DE: So... faces and things like that too, or other objects?
JK: Face recognition is actually handled by a separate hardware block.
DE: Oh, really? So even in the previous DRIMe, there was hardware for face recognition.
JK: Right. So far we've only announced the baseball application, but they're working on other kinds of sports applications, too.
DE: Ah - other kinds of sports. So it's very much a sports application, but you're looking at other sports besides baseball that it would be useful for. That's really very interesting, it's an interesting feature.
[Samsung wouldn't give any hints of what other sports they might develop applications for, but I can easily imagine tennis, or the image of a ball coming off the golf club, etc.]
I wanted to come back to the data-readout speed. Is the camera actually capable of recording video at 240 frames?
DE: Oh, because the codec isn't fast enough to compress and format it?
JK: Actually, we just didn't implement that functionality, but the DRIMe V and the sensor could do it. When the guys in R&D were working on the Samsung Auto Shot feature, they recorded live 28 megapixel, 240 fps "video" to help with the debugging. We didn't see there being an application for that, at least for very, very few people.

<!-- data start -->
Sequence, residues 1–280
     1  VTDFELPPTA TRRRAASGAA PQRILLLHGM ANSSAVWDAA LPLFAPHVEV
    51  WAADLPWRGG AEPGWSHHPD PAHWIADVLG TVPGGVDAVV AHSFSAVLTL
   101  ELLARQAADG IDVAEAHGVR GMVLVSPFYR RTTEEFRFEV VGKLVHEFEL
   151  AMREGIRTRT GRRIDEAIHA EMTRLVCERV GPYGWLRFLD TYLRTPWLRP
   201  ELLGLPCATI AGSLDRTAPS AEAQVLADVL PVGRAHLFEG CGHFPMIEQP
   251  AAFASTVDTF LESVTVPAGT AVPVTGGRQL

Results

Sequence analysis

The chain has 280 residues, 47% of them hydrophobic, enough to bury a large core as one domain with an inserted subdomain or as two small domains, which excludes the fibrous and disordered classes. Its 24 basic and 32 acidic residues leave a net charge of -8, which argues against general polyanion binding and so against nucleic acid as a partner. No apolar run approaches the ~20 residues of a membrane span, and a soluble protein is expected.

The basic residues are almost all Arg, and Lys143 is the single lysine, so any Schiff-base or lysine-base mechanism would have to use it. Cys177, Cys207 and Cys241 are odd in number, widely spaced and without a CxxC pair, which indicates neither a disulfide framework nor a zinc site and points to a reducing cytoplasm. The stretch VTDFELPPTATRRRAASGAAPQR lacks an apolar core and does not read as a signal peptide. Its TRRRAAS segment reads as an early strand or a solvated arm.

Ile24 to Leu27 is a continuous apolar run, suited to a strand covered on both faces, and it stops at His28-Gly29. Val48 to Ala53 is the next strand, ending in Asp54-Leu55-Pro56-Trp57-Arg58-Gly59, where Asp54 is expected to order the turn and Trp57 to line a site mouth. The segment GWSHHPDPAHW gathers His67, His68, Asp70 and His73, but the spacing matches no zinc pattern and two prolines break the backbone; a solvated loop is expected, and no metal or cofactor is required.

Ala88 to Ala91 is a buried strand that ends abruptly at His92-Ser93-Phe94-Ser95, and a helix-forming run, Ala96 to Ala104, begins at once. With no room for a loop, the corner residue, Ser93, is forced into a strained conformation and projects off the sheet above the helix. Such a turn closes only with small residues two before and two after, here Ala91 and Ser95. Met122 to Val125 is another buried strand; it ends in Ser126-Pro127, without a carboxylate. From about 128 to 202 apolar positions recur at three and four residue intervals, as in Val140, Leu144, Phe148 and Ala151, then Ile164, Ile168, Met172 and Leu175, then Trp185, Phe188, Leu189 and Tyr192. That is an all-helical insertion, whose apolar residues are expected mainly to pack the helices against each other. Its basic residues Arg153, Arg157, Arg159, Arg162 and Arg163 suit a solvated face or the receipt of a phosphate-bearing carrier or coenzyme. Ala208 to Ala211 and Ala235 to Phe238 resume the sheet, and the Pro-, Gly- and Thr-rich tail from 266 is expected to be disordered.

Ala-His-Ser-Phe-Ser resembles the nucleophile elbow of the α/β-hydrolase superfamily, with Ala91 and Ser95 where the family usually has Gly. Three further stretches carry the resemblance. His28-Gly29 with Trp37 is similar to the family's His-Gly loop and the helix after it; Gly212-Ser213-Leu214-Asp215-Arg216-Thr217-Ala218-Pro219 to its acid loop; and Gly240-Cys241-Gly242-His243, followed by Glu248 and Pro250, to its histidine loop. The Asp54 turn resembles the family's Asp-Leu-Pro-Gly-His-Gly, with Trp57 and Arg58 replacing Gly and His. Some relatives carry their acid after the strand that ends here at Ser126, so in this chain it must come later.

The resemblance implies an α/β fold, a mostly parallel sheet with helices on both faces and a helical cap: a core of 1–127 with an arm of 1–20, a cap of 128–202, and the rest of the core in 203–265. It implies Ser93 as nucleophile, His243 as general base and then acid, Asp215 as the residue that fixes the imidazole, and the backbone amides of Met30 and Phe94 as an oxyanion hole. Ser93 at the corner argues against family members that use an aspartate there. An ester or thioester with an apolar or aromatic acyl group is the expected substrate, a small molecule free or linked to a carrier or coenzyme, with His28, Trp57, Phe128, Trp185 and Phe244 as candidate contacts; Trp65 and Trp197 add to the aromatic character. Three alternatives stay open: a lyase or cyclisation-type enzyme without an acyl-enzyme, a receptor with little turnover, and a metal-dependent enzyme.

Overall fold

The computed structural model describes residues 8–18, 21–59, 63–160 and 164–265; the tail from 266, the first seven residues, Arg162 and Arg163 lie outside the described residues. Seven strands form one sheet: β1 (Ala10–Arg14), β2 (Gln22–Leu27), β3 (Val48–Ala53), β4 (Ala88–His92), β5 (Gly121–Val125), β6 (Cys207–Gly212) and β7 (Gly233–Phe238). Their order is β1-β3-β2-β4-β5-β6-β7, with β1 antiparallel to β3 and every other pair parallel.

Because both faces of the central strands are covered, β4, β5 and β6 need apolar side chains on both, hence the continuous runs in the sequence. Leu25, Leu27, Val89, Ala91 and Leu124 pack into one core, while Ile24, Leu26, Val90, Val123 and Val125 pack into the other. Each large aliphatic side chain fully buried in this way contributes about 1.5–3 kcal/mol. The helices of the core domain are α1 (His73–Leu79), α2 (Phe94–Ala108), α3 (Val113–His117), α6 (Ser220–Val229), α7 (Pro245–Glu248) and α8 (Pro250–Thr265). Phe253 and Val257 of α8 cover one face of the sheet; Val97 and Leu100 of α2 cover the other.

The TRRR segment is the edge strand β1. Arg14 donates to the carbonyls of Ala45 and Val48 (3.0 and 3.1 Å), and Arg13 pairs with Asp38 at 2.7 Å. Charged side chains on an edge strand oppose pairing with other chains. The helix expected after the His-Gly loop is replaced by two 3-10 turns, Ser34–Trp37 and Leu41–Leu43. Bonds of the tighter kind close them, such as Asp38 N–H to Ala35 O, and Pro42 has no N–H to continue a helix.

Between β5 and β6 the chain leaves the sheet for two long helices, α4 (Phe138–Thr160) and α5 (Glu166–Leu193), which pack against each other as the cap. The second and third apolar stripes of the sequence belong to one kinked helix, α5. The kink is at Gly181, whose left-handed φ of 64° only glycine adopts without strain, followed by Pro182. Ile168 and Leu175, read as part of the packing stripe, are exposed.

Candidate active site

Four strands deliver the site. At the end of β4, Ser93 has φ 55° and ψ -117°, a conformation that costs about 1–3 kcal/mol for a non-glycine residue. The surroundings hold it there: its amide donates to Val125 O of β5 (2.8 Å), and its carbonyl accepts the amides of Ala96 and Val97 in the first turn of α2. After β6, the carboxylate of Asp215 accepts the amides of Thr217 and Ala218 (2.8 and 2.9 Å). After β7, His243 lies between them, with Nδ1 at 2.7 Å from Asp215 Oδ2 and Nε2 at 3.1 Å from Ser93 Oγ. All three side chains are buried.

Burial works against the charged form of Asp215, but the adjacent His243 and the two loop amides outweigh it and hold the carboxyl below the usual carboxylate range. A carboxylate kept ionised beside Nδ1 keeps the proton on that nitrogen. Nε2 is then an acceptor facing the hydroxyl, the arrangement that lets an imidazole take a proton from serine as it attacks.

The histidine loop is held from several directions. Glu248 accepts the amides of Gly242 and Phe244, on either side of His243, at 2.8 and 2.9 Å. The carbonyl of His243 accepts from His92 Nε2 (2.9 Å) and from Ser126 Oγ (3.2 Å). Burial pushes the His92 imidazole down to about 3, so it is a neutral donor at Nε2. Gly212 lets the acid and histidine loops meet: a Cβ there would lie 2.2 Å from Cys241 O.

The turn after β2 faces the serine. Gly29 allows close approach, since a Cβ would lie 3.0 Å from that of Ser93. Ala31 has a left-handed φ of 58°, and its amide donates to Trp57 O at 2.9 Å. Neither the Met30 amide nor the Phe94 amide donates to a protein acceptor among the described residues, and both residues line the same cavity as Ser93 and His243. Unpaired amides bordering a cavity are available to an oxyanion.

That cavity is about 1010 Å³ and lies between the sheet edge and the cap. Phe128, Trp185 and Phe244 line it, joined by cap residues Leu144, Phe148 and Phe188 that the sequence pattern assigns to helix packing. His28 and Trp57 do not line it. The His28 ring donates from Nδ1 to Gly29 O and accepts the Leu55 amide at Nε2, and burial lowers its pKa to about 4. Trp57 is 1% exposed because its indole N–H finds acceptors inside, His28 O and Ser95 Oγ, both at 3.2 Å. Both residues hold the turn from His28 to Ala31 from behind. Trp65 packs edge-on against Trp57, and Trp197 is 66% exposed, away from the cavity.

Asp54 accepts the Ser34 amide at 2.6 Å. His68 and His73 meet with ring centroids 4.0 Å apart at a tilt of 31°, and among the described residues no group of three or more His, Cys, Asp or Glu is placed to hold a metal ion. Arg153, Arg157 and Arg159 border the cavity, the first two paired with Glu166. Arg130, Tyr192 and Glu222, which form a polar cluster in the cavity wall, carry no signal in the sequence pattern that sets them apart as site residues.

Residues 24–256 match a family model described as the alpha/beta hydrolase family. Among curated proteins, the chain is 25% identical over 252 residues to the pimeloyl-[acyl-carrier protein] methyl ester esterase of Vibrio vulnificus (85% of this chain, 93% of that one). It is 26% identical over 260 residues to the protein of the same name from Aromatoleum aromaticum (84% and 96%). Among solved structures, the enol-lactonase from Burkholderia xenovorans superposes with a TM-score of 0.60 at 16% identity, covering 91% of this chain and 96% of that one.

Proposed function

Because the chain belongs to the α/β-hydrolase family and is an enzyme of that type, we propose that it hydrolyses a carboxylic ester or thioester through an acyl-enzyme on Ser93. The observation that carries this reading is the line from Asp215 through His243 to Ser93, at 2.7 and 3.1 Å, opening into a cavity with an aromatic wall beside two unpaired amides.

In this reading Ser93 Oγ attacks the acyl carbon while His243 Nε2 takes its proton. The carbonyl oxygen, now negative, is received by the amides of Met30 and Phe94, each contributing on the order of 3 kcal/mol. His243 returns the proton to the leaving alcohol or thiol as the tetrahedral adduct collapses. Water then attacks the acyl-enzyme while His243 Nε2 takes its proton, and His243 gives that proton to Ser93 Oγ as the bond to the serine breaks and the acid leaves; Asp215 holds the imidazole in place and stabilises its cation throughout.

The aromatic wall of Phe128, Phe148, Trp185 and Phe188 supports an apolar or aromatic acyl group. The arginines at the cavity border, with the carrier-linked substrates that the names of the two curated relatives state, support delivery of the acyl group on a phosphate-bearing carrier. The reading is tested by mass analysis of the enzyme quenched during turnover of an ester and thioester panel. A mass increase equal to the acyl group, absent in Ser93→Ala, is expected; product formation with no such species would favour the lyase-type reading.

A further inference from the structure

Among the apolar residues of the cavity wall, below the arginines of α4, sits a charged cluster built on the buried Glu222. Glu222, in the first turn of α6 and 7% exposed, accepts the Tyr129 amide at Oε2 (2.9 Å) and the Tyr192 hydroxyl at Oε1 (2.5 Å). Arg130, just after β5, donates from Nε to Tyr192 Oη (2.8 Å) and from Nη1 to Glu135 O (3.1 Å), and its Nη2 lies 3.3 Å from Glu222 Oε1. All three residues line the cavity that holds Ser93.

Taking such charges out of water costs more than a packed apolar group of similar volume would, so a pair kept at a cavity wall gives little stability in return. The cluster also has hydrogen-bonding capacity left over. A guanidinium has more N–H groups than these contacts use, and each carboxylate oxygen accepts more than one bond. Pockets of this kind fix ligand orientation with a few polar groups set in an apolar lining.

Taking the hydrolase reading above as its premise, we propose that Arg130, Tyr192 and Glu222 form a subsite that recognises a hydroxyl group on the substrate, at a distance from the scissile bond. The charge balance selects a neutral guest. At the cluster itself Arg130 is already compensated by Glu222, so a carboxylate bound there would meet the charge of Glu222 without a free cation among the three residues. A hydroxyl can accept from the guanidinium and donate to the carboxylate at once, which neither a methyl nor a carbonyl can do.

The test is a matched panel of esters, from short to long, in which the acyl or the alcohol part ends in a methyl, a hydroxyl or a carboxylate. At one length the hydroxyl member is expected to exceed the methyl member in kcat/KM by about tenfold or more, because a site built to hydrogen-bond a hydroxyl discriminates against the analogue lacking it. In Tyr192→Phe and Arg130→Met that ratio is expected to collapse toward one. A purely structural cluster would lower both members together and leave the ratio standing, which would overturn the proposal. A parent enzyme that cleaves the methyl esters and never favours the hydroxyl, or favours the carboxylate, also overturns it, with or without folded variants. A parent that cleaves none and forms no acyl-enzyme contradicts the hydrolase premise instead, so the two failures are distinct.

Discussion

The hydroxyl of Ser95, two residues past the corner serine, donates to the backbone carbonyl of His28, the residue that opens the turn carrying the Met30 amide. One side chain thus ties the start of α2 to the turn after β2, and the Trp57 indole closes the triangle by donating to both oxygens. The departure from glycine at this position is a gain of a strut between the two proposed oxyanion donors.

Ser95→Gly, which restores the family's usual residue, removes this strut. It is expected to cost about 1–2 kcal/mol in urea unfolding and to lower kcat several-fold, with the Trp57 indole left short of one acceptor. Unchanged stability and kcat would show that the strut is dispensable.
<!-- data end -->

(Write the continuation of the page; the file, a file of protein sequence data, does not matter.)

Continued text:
DE: Yeah, 28 megapixels at 240fps is an awful lot of data; that high a frame rate probably wouldn't be very useful for still photographers, and there's no video format that big or fast...
Going back to the processor itself how has your noise reduction processing changed as a result of having so much processing power available? What has that allowed you to do that you couldn't do before the DRIMe V, in terms of the actual algorithms?
JK: The DRIMe V actually has a lot of IPs [small hardware circuit blocks] dedicated to noise reduction. It's pretty cool; there are a lot of them, and each one does a different type of noise reduction processing, all at the same time. The DRIMe IV didn't have these.
DE: Really? So all these IPs can all be working in parallel doing their own noise reduction, and then some higher-level processor can come in and say, "Oh this is this type of image content here, so I'm going to use the output from this IP, but over here there's different content, so I'm going to use the output from this other one"?
JK: Yeah, yeah.
DE: Wow, I don't know a lot about the details of image processors for digital cameras, but my impression has been that it was more software-driven. Here, though, all the different NR algorithms are being executed at the same time.
JK: Yeah, hardware's the only way to do this.
DE: Yeah. Wow, that's really interesting. And yet, because of Samsung's advanced processing, the power consumption is quite low. How does power consumption compare to DRIMe IV?
JK: It's actually a bit lower.
DE: It actually became lower, even though, even though there was such a huge jump in horsepower?
JK: Yeah, because it's a new semiconductor process for the DRIMe V.